28 What atoms are present and how many are in each compound? O2 = OxygenH2O = WaterCO2 = Carbon dioxide
29 What atoms are present and how many are in each compound? O2 is Oxygen2 Oxygen atoms
30 What atoms are present and how many are in each compound? H2O is Water2 Hydrogen atoms1 Oxygen atom
31 What atoms are present and how many are in each compound? CO2 = Carbon dioxide1 Cabon atom2 Oxygen atoms
33 In covalent bonding the electrons are _shared__ between the atoms In covalent bonding the electrons are _shared__ between the atoms. In Ionic bonding atoms are ____transferred____ from one atom to another. Covalent bonding forms ____molecules______. Ionic bonding forms __ions___.
34 Electrons are constantly in motion around the nucleus Electrons are attracted to the positive charges in the nucleus (protons) so they remain in orbit around the nucleusElectrons move around in energy levels called electron cloudsEach can hold a certain number of electrons-first level can hold up to 2 e--second level can hold up to 8 e--third level can hold up to 8 e-- 4th level – 18e-
35 The Atom: Electron clouds & “dot” diagrams Can hold a max of ___ e-’s1283418
36 Look at the periodic table to clear up any confusion… 28818
37 The Atom: Electron clouds EXAMPLE: Carbon has 6 electronsThey are arranged as:2 in the first e- cloud4 in the second e- cloud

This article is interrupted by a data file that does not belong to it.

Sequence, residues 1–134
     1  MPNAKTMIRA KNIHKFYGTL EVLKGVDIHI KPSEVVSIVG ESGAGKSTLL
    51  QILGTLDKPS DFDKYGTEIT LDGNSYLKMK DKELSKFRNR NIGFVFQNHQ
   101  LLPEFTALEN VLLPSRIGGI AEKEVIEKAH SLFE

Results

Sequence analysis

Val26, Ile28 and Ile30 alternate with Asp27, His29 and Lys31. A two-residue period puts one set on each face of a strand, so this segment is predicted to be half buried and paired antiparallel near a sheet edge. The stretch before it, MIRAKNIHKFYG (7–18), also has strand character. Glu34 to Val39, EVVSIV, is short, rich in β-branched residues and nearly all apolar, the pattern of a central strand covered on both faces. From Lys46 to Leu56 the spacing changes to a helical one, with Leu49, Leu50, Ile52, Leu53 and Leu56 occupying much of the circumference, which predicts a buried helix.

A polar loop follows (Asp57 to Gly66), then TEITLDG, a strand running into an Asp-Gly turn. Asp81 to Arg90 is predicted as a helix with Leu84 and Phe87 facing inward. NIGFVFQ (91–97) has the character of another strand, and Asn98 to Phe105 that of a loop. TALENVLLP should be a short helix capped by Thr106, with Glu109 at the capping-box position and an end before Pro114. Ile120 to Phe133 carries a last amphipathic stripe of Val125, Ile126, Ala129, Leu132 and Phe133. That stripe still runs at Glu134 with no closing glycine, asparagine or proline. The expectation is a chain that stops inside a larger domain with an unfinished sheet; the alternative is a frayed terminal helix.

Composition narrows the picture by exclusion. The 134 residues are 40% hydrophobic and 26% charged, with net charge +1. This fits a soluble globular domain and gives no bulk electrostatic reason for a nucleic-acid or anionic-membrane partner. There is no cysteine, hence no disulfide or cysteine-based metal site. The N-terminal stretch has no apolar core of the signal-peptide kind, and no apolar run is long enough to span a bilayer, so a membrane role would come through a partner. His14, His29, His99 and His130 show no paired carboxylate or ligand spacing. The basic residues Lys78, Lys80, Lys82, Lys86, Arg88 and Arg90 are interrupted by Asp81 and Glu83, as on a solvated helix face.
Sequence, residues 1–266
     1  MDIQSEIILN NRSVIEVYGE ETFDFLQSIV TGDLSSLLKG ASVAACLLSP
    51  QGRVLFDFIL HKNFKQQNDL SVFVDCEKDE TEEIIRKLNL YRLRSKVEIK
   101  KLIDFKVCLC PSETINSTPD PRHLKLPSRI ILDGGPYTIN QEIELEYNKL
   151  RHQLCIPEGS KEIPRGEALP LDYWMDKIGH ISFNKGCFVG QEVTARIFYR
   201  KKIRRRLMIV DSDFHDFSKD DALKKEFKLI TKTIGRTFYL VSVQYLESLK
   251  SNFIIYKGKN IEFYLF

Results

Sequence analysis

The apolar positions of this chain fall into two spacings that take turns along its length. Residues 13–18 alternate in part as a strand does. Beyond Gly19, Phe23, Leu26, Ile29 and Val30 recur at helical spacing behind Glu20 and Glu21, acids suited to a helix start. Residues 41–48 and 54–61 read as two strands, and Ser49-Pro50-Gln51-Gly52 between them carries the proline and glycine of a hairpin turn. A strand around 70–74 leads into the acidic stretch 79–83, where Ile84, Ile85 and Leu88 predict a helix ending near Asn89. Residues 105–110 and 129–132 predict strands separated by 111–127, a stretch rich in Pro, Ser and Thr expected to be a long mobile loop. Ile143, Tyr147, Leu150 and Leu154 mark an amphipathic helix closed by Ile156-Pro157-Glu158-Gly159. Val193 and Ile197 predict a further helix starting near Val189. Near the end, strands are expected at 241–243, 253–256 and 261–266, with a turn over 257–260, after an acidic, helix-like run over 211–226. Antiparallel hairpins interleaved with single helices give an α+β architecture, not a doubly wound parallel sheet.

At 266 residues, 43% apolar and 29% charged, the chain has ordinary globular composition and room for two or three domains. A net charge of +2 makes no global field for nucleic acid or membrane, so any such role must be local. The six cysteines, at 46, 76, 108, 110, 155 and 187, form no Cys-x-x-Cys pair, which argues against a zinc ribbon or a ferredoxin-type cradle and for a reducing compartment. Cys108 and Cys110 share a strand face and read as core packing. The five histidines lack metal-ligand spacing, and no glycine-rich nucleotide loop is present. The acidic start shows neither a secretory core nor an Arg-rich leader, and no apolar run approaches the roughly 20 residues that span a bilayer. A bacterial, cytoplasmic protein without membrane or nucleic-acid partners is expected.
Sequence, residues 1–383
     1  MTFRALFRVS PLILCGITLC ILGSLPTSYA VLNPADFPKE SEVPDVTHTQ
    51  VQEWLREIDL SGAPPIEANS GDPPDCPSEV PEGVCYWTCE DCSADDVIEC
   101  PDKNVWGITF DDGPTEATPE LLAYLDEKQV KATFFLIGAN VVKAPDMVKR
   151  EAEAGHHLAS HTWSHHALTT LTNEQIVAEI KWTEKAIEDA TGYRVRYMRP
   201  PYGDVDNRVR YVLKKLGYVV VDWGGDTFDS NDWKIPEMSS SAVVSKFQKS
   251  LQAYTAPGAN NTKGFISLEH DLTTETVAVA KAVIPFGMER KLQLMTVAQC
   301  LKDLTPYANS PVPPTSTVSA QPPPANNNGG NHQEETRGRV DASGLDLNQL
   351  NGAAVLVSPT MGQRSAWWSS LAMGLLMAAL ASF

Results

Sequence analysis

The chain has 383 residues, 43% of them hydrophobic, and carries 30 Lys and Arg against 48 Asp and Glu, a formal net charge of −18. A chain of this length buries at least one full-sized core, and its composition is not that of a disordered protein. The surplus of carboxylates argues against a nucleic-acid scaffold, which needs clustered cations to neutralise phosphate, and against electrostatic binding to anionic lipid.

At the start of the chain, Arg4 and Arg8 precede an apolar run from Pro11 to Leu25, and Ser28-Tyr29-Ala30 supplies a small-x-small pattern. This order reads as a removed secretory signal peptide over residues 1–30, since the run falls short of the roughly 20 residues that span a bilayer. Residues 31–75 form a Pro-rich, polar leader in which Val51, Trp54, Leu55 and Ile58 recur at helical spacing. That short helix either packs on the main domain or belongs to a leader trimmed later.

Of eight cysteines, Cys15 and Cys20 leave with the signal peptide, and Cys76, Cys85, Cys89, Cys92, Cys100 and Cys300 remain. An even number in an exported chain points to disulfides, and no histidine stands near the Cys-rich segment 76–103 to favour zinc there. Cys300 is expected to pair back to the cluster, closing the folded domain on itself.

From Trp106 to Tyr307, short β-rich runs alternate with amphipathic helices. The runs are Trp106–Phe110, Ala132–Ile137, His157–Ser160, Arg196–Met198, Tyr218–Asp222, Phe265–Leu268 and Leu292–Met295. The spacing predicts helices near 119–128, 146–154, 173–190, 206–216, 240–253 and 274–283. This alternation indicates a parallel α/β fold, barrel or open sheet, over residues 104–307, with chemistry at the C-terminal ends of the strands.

38 Valence ElectronsElectrons in the outer orbital are called valence electrons.Valence electrons determine an elements bonding potential (or reactivity)An atoms outer orbital must be filled to be stableExample:How many valence e-’s does carbon have?How many does it “want” to be stable?
39 Chemical bonds: Forming a compound Bond – to join together atoms using electron energy/forceAtoms are most stable when their outer e- cloud is fullElements can share electrons to fill their outer (valence) e- cloudThis causes stability
40 1. Covalent bonds Figure 6.6 EXAMPLE: Oxygen alone only has 6 electrons in its outer E levelIf it shares 2 more it would have 8 in its outer E level and be stable”CO” = shareFigure 6.6
41 Single, Double and Triple Covalent Bonds 1 electron shared = single bondEx: C - H2 electrons shared = double bondEx: O = O
42 Write this on your notes somewhere Organic means something is based on carbonWhy is carbon important to life?Carbon has the ability to form four covalent bonds. It can bond on all sides.This allows it to form complex structures like proteins, lipids, carbohydrates, and nucleic acids
43 2. Ionic bonds When atoms give or take electrons; not sharing The atoms with extra (or less) e- are now not neutral = ION = bond formsFigure 6.7
44 Bond StrengthsHow much energy is stored bond/How much energy it takes to break the bond1. Triple Covalent2. Double Covalent3. Covalent Single4. Ionic5. Hydrogen*
45 Chemical ReactionsBonds of atoms are broken and re-formed into new substancesReactions are written as “chemical equations” which show reactants and productsAll reactions in an organism = MetabolismWhat does balanced mean?
46 Chemical Reactions EXAMPLE – Photosynthesis 6CO H2O C6H12O O2ReactantsProductsElements in water become the elements in glucose!